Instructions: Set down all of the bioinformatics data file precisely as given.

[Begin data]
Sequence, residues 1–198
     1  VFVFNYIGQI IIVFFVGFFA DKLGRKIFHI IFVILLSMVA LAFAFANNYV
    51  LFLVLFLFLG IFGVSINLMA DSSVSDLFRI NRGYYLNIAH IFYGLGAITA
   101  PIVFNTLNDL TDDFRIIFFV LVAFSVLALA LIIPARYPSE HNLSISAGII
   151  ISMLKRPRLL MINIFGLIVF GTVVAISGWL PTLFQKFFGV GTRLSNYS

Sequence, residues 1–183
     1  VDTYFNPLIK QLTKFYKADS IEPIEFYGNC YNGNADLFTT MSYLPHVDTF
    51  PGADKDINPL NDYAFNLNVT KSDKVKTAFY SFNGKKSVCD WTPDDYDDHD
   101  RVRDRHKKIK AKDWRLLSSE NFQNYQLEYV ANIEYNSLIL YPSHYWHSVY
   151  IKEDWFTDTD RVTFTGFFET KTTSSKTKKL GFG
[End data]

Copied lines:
Sequence, residues 1–198
     1  VFVFNYIGQI IIVFFVGFFA DKLGRKIFHI IFVILLSMVA LAFAFANNYV
    51  LFLVLFLFLG IFGVSINLMA DSSVSDLFRI NRGYYLNIAH IFYGLGAITA
   101  PIVFNTLNDL TDDFRIIFFV LVAFSVLALA LIIPARYPSE HNLSISAGII
   151  ISMLKRPRLL MINIFGLIVF GTVVAISGWL PTLFQKFFGV GTRLSNYS

Sequence, residues 1–183
     1  VDTYFNPLIK QLTKFYKADS IEPIEFYGNC YNGNADLFTT MSYLPHVDTF
    51  PGADKDINPL NDYAFNLNVT KSDKVKTAFY SFNGKKSVCD WTPDDYDDHD
   101  RVRDRHKKIK AKDWRLLSSE NFQNYQLEYV ANIEYNSLIL YPSHYWHSVY
   151  IKEDWFTDTD RVTFTGFFET KTTSSKTKKL GFG